Issue #046 Review

Shimano XT M8100 12s drivetrain review – the almost perfect drivetrain

High-end drivetrains always work smoothly when new. That’s why we decided to take our time and test the Shimano XT drivetrain thoroughly over an extended period of time. How does it look after 14 months of constant abuse? Is our drivetrain worn out like an old hostel mattress or does it still perform well?

In typical Shimano style, the latest XT-range includes a wide selection of products, from drivetrain components to brakes – which we’ve already tested for you – all the way to chain links, which finally made it into Shimano’s portfolio. Particularly striking is the cool look of the rear derailleur and hollow alloy crank. The latter carries a few battle-scars but still works perfectly after 14 months – and we didn’t even bother using crank boots!

XTR, XT and SLX 12-speed drivetrains all offer very similar top-quality shifting performance. The main differences are in the weight and materials used. The shifters are different on the three groupsets and the XT model, for example, contains significantly more technology than the SLX version. The most striking upgrade from the SLX to the XT shifter is the Multi-Release function, which allows you to shift into harder gear – two gears at the time. While this feature might sound uninteresting at first, after getting used to it our test-rider Felix wouldn’t want to ride his Nicolai G1 without it. After short punchy climbs, for example, the Multi-Release of the new XT allows you to shift back into the right gear a lot faster. And those who have power in their legs will be able to transfer it to the trail more efficiently.

Most underrated feature… ever
The XT shifter features Shimano’s Multi Release function, which allows you to shift down to gears at the time – which on the trail, this is a true godsend!

The 12-speed XT 10-51 cassette has a 510% gear range and – at 471 g – it’s also relatively light. This is made possible by the two largest sprockets, which are made of light alloy and are attached to an aluminium spider. Despite the softer material, the two big sprockets are still in very good shape after a year of abuse in all possible weather conditions. In order to accommodate the smallest sprocket on the freewheel, Shimano developed a new freewheel body called MICRO SPLINE. While at the beginning of this long-term test DT Swiss and Shimano were still the only brands to offer MicroSpline-compatible hubs, over the last year Shimano have loosened their licensing restrictions, allowing increasingly more brands to make their hubs compatible with the new MICRO SPLINE standard. The shift ramps of the cassette and chain are perfectly coordinated and thus allow for super-smooth and reliable shifting even under full load – no other system on the market beats the Hyperglide-technology in this regard!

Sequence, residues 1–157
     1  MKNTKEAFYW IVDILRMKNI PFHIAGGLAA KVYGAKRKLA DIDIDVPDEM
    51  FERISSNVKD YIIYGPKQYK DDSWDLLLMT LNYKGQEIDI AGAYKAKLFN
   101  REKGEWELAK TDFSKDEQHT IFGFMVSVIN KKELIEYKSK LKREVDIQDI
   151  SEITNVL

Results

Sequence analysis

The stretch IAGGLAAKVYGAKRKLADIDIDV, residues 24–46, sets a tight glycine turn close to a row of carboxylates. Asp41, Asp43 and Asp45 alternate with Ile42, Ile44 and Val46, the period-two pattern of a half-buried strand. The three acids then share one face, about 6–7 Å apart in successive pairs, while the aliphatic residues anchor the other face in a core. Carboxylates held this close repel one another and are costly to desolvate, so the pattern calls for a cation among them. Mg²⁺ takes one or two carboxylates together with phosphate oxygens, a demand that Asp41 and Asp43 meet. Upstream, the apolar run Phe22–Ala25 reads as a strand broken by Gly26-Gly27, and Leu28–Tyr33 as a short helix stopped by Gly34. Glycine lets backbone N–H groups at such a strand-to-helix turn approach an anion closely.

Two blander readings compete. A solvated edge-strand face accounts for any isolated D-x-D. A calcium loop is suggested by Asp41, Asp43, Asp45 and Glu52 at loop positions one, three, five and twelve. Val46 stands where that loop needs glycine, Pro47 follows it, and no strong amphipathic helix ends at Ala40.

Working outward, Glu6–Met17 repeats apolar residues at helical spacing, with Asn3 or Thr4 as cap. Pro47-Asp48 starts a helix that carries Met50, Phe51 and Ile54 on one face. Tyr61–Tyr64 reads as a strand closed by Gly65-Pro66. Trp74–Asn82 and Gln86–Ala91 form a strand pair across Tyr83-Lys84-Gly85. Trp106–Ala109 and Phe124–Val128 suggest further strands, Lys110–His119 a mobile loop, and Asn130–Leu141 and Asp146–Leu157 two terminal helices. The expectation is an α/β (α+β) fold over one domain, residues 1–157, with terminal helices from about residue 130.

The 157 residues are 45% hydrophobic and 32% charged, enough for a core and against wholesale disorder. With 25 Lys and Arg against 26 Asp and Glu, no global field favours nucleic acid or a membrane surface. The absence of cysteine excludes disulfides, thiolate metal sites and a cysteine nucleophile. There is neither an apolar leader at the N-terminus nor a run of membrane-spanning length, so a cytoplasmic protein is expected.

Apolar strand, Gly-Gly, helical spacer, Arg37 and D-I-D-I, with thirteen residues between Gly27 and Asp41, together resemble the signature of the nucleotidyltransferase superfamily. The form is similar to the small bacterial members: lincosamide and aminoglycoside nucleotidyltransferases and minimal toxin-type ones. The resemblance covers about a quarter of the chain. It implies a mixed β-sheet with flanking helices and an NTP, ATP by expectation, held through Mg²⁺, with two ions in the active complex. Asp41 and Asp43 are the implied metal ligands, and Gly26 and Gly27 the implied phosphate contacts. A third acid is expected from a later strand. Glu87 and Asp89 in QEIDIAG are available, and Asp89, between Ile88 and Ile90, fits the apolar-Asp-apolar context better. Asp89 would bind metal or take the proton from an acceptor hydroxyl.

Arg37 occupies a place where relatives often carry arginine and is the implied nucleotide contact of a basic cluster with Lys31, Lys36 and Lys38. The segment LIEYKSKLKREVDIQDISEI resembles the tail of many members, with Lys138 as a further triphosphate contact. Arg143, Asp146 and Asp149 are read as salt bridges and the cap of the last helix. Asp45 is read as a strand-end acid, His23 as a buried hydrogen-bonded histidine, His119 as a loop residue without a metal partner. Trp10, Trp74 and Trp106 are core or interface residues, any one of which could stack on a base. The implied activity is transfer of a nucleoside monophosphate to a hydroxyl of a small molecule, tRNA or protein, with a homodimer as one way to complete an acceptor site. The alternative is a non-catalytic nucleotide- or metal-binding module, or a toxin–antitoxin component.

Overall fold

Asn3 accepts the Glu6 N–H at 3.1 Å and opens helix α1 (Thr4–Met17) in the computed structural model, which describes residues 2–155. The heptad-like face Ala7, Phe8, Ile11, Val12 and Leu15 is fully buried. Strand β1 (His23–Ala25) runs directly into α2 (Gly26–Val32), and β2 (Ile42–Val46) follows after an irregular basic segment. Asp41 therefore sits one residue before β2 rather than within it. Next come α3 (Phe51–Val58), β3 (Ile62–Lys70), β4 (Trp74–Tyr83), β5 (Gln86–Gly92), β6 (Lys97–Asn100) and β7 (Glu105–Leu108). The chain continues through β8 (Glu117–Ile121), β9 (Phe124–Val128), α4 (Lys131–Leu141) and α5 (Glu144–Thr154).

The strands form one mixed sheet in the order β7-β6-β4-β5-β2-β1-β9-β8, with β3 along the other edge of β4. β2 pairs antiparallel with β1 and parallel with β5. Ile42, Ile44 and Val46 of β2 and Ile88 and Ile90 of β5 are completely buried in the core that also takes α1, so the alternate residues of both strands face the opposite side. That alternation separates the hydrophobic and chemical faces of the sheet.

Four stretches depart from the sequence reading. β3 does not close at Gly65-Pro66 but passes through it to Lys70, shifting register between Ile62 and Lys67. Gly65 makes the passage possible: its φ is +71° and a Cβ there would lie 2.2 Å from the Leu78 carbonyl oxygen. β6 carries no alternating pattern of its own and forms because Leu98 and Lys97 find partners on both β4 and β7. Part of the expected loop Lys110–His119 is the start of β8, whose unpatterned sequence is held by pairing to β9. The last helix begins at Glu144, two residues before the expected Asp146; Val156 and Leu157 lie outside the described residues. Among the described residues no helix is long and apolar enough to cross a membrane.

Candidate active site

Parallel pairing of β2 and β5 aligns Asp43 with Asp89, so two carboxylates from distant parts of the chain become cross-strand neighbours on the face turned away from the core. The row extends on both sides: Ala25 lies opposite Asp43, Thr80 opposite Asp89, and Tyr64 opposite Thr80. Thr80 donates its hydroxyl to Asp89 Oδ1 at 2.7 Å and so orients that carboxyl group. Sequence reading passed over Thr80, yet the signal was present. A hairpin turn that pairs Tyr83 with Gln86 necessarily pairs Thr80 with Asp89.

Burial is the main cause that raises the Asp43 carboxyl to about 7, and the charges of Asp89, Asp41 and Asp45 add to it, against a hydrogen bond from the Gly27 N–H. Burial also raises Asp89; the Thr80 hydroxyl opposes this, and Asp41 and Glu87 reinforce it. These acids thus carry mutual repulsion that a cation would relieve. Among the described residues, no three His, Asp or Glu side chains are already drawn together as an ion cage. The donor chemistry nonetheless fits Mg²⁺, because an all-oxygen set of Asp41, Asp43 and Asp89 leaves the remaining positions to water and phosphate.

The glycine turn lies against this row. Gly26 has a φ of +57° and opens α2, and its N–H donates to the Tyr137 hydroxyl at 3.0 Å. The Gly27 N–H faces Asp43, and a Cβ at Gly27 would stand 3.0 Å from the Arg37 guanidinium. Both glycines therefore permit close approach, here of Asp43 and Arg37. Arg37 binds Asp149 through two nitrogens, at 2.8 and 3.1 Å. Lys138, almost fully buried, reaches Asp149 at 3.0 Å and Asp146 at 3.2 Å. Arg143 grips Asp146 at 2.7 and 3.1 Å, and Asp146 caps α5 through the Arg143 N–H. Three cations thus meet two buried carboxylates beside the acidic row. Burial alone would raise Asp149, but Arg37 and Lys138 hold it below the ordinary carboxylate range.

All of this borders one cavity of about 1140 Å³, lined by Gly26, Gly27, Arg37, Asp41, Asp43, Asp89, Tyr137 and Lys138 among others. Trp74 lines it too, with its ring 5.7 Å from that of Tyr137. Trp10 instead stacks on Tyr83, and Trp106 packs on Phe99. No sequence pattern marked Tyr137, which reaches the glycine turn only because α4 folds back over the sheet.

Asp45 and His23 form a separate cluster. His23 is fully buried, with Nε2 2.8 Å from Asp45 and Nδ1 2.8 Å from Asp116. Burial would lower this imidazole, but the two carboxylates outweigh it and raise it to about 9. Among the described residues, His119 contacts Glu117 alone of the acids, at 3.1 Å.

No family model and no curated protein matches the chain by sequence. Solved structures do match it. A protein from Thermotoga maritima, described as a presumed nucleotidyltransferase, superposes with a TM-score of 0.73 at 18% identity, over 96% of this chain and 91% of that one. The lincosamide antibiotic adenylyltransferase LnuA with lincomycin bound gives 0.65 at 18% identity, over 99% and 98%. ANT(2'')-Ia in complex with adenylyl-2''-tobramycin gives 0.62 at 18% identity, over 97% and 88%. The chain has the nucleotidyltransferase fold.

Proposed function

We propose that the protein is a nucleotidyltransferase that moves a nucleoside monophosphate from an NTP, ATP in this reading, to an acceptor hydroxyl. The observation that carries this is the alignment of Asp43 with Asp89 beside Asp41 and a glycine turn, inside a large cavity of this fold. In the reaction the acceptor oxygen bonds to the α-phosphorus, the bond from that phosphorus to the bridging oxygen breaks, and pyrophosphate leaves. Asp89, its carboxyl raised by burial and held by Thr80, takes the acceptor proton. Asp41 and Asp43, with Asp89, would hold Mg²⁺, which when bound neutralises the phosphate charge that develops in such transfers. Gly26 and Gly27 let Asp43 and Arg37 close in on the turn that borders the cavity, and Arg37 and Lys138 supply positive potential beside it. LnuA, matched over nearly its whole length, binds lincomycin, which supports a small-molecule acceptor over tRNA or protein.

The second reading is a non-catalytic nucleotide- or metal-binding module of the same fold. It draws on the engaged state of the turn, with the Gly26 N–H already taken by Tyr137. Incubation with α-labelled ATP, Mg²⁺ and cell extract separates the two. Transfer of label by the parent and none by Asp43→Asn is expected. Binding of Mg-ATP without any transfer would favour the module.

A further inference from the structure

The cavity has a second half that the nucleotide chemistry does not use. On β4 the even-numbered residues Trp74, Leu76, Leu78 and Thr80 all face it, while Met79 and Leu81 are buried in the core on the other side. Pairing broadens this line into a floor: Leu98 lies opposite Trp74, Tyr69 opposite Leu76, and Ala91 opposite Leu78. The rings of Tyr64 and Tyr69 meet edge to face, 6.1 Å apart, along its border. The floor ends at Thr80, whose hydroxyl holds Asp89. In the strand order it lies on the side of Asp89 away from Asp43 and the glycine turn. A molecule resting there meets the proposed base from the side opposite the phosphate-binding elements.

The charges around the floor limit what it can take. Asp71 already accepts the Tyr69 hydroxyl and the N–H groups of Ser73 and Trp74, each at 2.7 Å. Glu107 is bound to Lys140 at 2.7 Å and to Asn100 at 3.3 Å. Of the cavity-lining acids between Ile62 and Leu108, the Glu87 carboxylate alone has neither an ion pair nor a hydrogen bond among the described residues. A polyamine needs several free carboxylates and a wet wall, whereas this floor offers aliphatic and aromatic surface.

Hyper, hyper!
Thanks to the sophisticated shift ramps on the cassette, the XT drivetrain implements gear shifts quickly and easily in both directions, even under full load. No other drivetrain shifts as smoothly.
Less is more
As far as durability goes, the forged XT cranks are tougher than some of their expensive carbon counterparts. Even without using crank boots, our test-cranks are still running strong, even after 14 months of abuse.
Curse and blessing
The Shadow+ clutch mechanism, which can be easily adjusted via a practical tension-adjust port, prevents the chain from slapping on the chainstay. However, the mechanism is sensitive and high-maintenance.

While the chain, cranks, cassette and shifter of the Shimano XT drivetrain delivered a solid performance throughout the entire test-period, the rear-derailleur still shows some major teething problems. Apart from looking pretty cool, the XT rear-derailleur is incredibly robust, getting away pretty much unscathed from our 14-month long-term test ­– except for a few surface scratches. Even harder impacts, including a massive hit that caused the mech-hanger of Felix’s G1 to snap, left it pretty much unharmed. Apart from that, the derailleur is very easy to set up: a mark printed on the cage helps you find the optimal B-tension within seconds. A screwhead hidden under a rubber cover allows you to adjust the tension of the Shadow+ clutch, which effectively prevents the chain from slapping on the chainstays. Felix always runs his clutch at full tension and had to readjust this from time to time. Unfortunately, we’ve experienced some problems with the Shadow+ clutch mechanism – not only in this long-term test but also with several other test-bikes. The mechanism tends to lose tension over time, especially in the very first part of cage-rotation. Here, not even servicing and lubricating the clutch regularly helped. However, routine servicing of the clutch mechanism will help you prevent another frequent problem: if the bike doesn’t get used for a long time, the clutch seizes up and the cage gets stuck.

Shimano’s 12-speed XT drivetrain delivers outstanding shifting performance under load and strikes a great compromise between lightweight construction and affordable price. In addition, it offers great ergonomics, easy setup and the almost unique Multi Release function. Only the high-maintenance Shadow + clutch casts a dark shadow on an overall great impression. If you decide to run an XT rear-derailleur, we recommend buying a spare clutch straight away.


  • Great shifting performance under load
  • Easy Installation
  • Multi Release mechanism


  • Problems with the Shadow + Clutch
  • Micro-spline freehub body required

Tester: Felix
Duration: 14 months
Price approx. € 670 (including cranks)
Weight cassette 471 g, rear derailleur 277 g, cranks 643 g, shifter 132 g, chain 255 g
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